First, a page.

Consultant author: Michael Rose
- Recognition is about praising people for the great things that they are doing, rather than an incentive for reaching targets. (See Recognition and recognition schemes)
- Recognition schemes range from the very informal, where managers concentrate on saying "thank you" to employees, to more formal corporate programmes. (See The recognition continuum)
- A recognition scheme should be consistent with the culture of the business and the business's stated policies and values. (See Aims and objectives)
- Engagement surveys and other business measures can be used to identify the starting position and then measure the impact of the recognition scheme over time. (See Developing the business case)
- In designing its recognition scheme an organisation will need to decide, for example, how formal it wishes the scheme to be, the appropriate recognition criteria, and how nominations will be made and assessed. (See Designing the recognition scheme)
- The type of recognition award on offer will depend on the nature of the scheme being run, but the impact should be through the recognition itself and not the award. (See Recognition awards)
- Any recognition scheme will need to be branded, promoted and marketed to optimise success. (See Communicating the scheme to employees)
This section of the XpertHR good practice manual discusses employee recognition. It explains the importance of building a recognition culture, as well as providing guidance on introducing both informal and formal employee recognition schemes.
Recognition and recognition schemes
Recognition is "acknowledging or giving special attention to a high level of accomplishment or performance, such as customer care or support to colleagues, which is not dependent on achievement against a given target or objective" (Rose, 2011). Recognition is not about setting targets and rewarding people for achieving them; it is simply about recognising the great things that people are doing.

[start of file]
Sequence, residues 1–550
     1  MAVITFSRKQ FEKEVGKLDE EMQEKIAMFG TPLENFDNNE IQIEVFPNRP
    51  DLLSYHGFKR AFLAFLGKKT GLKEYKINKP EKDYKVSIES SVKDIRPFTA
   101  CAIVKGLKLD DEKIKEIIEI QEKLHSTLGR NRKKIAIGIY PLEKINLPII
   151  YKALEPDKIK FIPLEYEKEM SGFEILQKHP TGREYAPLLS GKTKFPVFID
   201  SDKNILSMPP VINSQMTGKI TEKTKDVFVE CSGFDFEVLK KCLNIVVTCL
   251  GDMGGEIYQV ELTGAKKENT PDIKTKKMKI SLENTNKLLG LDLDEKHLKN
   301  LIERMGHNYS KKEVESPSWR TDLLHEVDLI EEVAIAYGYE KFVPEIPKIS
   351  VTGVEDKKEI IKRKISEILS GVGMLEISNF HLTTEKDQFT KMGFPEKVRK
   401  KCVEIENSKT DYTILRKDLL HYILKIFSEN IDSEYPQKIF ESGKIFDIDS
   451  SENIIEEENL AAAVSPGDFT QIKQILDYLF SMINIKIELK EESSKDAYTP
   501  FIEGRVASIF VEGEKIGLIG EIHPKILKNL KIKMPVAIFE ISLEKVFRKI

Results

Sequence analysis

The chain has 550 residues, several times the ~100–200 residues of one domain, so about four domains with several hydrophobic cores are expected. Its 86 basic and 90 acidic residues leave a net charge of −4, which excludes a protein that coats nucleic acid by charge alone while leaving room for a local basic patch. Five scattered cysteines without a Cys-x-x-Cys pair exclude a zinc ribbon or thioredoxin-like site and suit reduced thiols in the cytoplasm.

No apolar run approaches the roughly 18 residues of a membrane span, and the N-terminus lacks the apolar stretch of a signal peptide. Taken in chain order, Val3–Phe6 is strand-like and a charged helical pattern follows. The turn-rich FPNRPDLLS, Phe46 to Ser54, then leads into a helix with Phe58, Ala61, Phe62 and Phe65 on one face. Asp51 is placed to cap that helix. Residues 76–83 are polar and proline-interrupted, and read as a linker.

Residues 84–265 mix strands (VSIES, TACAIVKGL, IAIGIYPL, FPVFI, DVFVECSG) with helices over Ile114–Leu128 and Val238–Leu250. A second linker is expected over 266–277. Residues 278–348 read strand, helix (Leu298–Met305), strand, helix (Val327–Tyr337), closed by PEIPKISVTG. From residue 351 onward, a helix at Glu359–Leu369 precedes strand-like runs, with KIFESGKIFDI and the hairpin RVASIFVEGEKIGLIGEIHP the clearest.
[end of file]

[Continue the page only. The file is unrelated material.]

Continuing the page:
A recognition scheme formalises the act of recognition through a (typically) centrally managed and controlled process, often with nominations and tiers of awards.
If an organisation is serious about recognition, having a specific recognition scheme will be only part of building a recognition culture within the organisation. It will be important for the organisation to cultivate a management style that sees basic recognition as being part of effective management. As a matter of course, managers should be thanking employees for good work and contributions, and saying "well done" when it is merited, rather than commenting only on the negatives. This should be built into relevant training programmes, reinforcing for managers the power of positive encouragement.
Recognition and incentive
Recognition is the act of praise or thanks that leads someone to feel recognised for what they have done. This is quite different from an incentive that seeks to motivate an individual to do something. An incentive must be of value to the potential recipient, otherwise it will not incentivise. Recognition, on the other hand, does not require a high-value award, or indeed any award, although awards are common in recognition programmes.
The recognition continuum
Recognition can occur in many different forms and may be looked at as a continuum, as shown below (Rose, 2011).
Organisations often think it is necessary to take a more formal approach to recognition, and so start with a formal scheme. However, the day-to-day end of the continuum can have the greatest impact for the lowest cost. This can be achieved by ensuring that managers are aware of the importance of a simple "thanks" and recognition of employees, and that this forms part of the organisation's management training and development. As one moves to more formal recognition, there is a greater cost and more infrastructure is required.
The importance of recognition